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New Technology, Understanding Takes the Sting Out of Dental Visits

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New Technology Takes the Sting Out of Dental Visit

New Technology, Understanding Takes the Sting Out of Dental Visits

February 07, 2005
By: Laurie Edwards for Dental1.org

Fear of going to the dentist is a common problem that can lead to more serious dental issues if not addressed. While it is important to recognize what causes these fears in order to alleviate them, technology is lending a helping hand as well. Innovative and less obtrusive techniques are available that decrease pain and minimize unpleasantness, which experts hope will quash such fears before they even begin.
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How to reduce anxiety about going to the dentist:
  • Talk with your dentist beforehand to ask questions and raise your concerns. This way you will be well informed about what to expect and your dentist may be able to alleviate some of your fears.
  • In order to feel more in control of the situation, arrange a signal with your dentist to stop what he is doing.
  • Use a mirror to watch the procedure or ask your dentist to explain what he is doing as he goes along. Sometimes what you imagine is far worse than what is really going on.
  • Bring a warm blanket, a CD of relaxing music, or a friend.


  • The cycle of fear most often begins in childhood. When children overhear supposed “horror stories” about dental visits, they approach their own visits with preconceived fear. What is more difficult to counteract is when an adult experienced a painful dental visit as a child and carries that fear and anxiety into adulthood.

    One of the best ways to alleviate these fears is communication. Discussing fears with the staff gives them a chance to respond to patient anxieties and perceptions and collaborate on ways to ensure patient needs are met.

    Along with communication is education, which entails asking questions and understanding dental procedures/treatment options, an effective way to minimize this fear of the unknown.

    Perhaps the most recognizable sound in a dentist’s office – and often the most feared – is that of the drill. New laser technology aims to ensure quicker, more comfortable and cleaner dental procedures. One such tool is the Waterlase MD, a laser that uses water to gently scrub away plaque and decay.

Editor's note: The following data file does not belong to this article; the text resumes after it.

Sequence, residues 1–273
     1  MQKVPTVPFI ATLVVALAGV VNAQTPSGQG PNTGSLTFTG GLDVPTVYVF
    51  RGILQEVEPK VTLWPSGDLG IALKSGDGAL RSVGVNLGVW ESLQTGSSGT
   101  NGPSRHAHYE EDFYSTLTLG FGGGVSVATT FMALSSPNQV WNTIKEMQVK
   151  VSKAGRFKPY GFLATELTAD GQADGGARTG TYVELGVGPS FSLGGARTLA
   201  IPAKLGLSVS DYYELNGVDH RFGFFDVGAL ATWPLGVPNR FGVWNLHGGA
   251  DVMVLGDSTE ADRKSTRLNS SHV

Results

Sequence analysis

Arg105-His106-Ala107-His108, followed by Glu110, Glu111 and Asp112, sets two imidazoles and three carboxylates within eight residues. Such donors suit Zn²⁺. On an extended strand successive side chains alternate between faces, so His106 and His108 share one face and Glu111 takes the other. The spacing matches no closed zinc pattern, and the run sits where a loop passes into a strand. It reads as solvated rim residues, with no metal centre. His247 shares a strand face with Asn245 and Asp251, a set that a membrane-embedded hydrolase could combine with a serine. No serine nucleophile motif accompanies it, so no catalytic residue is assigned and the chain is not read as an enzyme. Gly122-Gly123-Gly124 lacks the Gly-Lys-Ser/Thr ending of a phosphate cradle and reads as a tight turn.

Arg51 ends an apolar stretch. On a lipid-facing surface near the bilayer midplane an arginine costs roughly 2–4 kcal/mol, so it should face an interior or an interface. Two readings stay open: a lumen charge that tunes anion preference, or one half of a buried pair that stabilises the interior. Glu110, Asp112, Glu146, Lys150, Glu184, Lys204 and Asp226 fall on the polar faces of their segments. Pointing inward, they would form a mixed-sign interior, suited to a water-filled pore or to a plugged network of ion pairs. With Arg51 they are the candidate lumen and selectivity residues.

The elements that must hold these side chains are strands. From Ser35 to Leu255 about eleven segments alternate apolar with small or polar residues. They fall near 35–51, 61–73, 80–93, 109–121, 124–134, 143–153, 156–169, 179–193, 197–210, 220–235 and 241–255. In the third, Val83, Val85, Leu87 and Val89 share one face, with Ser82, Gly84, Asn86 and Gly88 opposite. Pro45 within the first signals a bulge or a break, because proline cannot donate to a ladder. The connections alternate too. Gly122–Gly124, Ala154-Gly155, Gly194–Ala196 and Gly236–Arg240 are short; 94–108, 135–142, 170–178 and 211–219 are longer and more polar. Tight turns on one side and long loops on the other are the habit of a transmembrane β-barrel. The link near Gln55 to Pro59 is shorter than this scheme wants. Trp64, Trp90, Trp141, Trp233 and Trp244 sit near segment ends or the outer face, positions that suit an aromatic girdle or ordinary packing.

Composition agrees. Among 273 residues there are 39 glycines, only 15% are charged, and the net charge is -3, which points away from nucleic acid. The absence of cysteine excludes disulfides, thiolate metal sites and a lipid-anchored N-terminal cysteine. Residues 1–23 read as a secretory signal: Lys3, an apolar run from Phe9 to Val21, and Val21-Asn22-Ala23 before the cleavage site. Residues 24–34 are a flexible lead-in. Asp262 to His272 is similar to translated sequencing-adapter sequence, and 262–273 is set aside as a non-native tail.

Basically, the laser splits molecules of water and then directs them at cavities. The sound of the water hitting the teeth makes popping sounds, a more pleasant alternative to the typical screech of a vibrating drill. Using a laser beam to shoot the water particles at the teeth means that the new drill never actually touches a patient’s tooth.

    “One of the biggest things in dentistry is the fear of the drill,” said Wisconsin dentist Dr. Glen Magyera, who learned about the laser technology at an American Dental Association conference. “This eliminates that.”
    “There is no anesthesia. The patient doesn’t have to have a shot. They don’t have to walk out of the office with a numb face or a numb lip or a numb tongue,” said Dr. Corey Evans, a Salt Lake practitioner.
    Magyera added that the main drawback to the laser is that it cannot be used on mercury fillings since it will melt them onto the teeth. The laser isn’t appropriate for routine cleanings, but is effective when used in root canals, gum surgery and more cosmetic procedures such as smile design and soft tissue procedures.

    There are many other new tools and resources that take most of the pain out of a visit to the dentist. For example, there is a greater variety of local anesthetics and methods to deliver them to patients, including thinner, a streamlined syringe. Anesthetics also act more quickly and provide longer-lasting pain relief.

    Experts also suggest listening to relaxing music or bringing a portable CD player if a patient still experiences fear and anxiety despite these new innovations and less intrusive treatment options.

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